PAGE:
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Finalists - Elmarie van Aswegen, Smithfield
Pure determination got Elmarie van Aswegen, a milk sheep farmer from Smithfield, to where she is today. Everything went wrong for this former member of the Defence Force when she returned to the family farm in 1997
intent on making cheese: it was illegal to import the sheep species she needed, and there was no impact study available with which she could justify her import of these East Frisians. Even after writing the impact study herself, she was only allowed to import genetic material if it formed part of a research project at a university!
These setbacks were not enough to stop the germination of the seed that had been planted in her mind at a cheese- making workshop – to be the first sheep- milk cheese- maker in South Africa. She started a cross-breeding programme and but by the time the sheep were ready to be milked in 2001, Elmarie still lacked cheese-making equipment and money.
With a loan of R180 000 from Khula, she bought equipment and in a life-changing moment, milked her sheep for the first time – into margarine tubs! From this moment on, her enthusiasm to make organic cheese knew no bounds, an energy that came in handy when she started marketing. She set off to Johannesburg restaurants and started selling her delicious cheese directly, several setbacks notwithstanding.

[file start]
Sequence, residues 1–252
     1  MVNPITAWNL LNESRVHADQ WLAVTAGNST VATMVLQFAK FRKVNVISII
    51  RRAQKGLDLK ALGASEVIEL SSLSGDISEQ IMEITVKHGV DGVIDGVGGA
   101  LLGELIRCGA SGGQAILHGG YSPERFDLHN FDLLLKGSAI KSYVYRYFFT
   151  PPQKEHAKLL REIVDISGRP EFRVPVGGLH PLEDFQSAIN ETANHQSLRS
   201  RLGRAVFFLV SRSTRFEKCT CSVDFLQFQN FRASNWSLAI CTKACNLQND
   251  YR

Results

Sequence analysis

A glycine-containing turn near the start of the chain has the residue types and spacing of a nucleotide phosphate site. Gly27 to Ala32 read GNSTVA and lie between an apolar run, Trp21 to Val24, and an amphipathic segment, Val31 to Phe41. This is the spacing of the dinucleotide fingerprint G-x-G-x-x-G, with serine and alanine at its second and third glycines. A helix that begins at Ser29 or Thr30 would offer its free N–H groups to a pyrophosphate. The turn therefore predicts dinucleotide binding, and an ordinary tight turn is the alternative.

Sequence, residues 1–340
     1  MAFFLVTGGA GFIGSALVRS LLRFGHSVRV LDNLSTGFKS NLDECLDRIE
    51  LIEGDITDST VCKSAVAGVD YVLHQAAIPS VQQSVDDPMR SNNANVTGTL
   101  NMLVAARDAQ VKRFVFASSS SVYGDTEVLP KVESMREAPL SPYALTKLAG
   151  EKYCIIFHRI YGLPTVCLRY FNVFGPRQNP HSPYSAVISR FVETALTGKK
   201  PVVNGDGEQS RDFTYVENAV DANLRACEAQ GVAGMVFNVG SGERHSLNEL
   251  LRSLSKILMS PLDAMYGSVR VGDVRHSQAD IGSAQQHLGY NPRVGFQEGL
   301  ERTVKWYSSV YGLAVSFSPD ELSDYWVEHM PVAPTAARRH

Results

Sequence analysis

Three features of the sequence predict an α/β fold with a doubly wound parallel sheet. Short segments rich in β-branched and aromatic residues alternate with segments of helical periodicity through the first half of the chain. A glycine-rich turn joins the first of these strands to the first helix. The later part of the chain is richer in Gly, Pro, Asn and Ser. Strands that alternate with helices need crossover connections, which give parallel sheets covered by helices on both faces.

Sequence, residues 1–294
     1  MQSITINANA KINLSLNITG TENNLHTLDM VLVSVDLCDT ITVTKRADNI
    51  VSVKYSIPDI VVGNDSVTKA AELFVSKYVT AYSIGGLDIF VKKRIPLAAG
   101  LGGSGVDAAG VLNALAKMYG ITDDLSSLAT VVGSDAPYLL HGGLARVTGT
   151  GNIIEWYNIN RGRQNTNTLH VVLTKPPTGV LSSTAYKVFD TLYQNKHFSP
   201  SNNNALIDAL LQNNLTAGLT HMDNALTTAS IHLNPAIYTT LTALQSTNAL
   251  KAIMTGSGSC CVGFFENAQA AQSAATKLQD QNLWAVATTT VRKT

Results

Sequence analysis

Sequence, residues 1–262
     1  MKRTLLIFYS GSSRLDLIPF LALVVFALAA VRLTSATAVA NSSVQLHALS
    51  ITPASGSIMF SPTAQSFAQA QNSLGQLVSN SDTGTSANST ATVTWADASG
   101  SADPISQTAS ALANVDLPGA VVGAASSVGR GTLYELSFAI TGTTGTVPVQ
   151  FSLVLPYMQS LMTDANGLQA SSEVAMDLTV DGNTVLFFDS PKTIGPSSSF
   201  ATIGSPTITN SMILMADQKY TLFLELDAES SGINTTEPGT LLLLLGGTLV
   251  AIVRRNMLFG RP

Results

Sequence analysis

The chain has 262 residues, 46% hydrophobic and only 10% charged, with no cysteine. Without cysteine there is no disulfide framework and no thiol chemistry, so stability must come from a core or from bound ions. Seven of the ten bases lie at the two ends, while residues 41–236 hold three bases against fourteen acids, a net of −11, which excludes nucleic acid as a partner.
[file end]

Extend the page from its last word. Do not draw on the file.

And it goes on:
Her hard work and enthusiasm quickly paid off, and accolades started rolling in: SA Champion for her JanGroentjie cheese, and Slow Food awards as well as the Free State Female Farmer of the Year award in 2005. A contract with Woolworths followed, as well as her founding of a South African association for milk sheep farmers with its own seal of approval – all this while she obtained a Master's degree in sustainable agriculture! Read more in Farmers Weekly
18 March 2007
Everyone said it couldn't be done but this entrepreneur was determined to invent a whole new market, writes Barrie Terblanche.
ELMARIE van Aswegen was the laughing stock of the farming community around Smithfield in the southern Free State when she let it be known that she planned to raise a flock of dairy sheep and start South Africa's first sheep's cheese factory.